Employment Tribunal Reforms: Will the current Employment Tribunal system change?
In some respects, the employment tribunal is an anomalous court. There is a limit on the types of legal claim which an individual can pursue in respect of matter arising of out their employment with an employer. In complex cases, especially those involving a discrimination or personal injury element, there can be significant procedural delays as proceedings often need to be paused to allow other courts the opportunity to determine relevant preliminary issues. High value contractual claims are also problematic, there is a cap in the employment tribunal of £25,000 meaning that high value claims from high earners need to be heard in the civil court and in cases where an individual is engaged as a worker as opposed to an employee, similar issues can present.
For the most part, claims brought by employees against an SME employer will generally be considered by the employment tribunal and generally the litigation process will be fit for purpose. That said, there is campaign for change and in January 2019, Sir Ernest Ryder, the Senior President of the Tribunals, published a report on the Modernisation of Tribunals, which set out a wider strategy for the reform of the tribunals (including employment tribunals) as part of the wider Courts and Tribunals Modernisation Programme implemented following the Briggs Review of the Civil Courts Structure in July 2016.
The Briggs review said that there currently exists an “awkward area” of shared and exclusive jurisdiction in the fields of discrimination and employment law, which has generated anomalies and boundary issues between the courts and employment tribunals. As a result, employment tribunals sit “uncomfortably stranded between the Civil Courts and the main Tribunal Service”. The Briggs review suggested that the current employment tribunal system can cause delay and unnecessary complexity. It also suggested that it could prevent cases being determined by the judges best equipped to handle them- currently, in some types of proceedings, related claims have to be brought in two different courts.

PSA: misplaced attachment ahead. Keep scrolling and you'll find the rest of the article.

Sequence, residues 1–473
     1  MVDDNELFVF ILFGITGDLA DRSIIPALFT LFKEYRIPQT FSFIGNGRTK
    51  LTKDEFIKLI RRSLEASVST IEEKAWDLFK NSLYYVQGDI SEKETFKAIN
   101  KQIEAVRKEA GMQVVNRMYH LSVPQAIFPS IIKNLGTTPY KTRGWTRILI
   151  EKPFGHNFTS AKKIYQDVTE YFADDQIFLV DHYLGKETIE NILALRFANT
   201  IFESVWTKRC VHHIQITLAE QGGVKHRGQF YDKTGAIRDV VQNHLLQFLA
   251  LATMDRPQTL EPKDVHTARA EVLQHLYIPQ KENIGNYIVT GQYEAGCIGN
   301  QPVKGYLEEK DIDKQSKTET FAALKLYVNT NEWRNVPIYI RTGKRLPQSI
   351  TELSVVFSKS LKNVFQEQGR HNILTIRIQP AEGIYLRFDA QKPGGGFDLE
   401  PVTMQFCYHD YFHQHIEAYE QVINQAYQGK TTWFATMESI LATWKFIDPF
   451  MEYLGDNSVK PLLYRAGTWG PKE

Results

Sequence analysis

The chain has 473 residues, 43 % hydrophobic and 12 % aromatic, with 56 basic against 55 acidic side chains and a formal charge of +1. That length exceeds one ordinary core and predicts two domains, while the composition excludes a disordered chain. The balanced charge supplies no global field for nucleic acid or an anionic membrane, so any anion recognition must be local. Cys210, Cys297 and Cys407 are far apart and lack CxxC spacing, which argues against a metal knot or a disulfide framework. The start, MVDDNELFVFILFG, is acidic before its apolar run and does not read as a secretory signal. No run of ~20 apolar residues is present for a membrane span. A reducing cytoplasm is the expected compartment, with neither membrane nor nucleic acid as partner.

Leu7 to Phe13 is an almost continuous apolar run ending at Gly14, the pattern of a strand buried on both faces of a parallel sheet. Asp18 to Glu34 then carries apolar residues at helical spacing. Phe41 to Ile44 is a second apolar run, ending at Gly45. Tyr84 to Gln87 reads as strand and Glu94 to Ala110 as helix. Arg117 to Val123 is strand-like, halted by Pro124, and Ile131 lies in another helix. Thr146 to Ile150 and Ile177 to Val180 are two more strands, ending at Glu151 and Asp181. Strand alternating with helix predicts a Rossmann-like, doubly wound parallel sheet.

In April 2020, the Law Commission published its report on ‘Employment Law Hearing Structures’ which made 23 recommendations with the aim of improving the ability of employment tribunals to resolve employment disputes effectively and justly in one place. In terms of practical suggestions the report proposed measures including: the introduction of digital case files; a library of relevant templates from which standard documents can be produced and digitally recording all proceedings. Some jurisdictional proposals included:
- Having one single time limit for bringing employment tribunal claims of six months (most of the commonly brought claims are currently subject to a three-month time limit)
- Expanding the just and equitable test to extend time for all types of claims
- Introducing flexible deployment of judges to permit employment judges to hear discrimination claims in the civil courts
- Creating a specialist list in the High Court
- Increasing the jurisdiction of employment tribunals to hear claims for damages for breach of contract by employees and counterclaims by employers during the currency of a contract of employment and to hear claims in relation to alleged liability arising after a contract has terminated
- Increasing the financial limits on contractual claims from £25,000 to £100,000
- Extension of jurisdiction to hear breach of contract claims from workers as well as employees
The full report can be found here: https://www.lawcom.gov.uk/project/employment-law-hearing-structures/
Adoption of the report’s recommendations is now a matter for the government and a final response will be published ‘as soon as possible’. In the meantime, BEIS (the sponsoring department for the Employment Tribunals Rules of Procedure) is involved in conducting an engagement exercise about the recommendations and the proposed changes. It remains to be seen if and how the tribunal system will change but if the proposed recommendations are changed- especially those in relation to claim time limits and jurisdictional scope (which will invariably benefit claimants), it may be that businesses begin to find themselves at risk of being in the employment tribunal in an increased number of instances.
Author: Charlotte Geesin, Legal Director at Howarths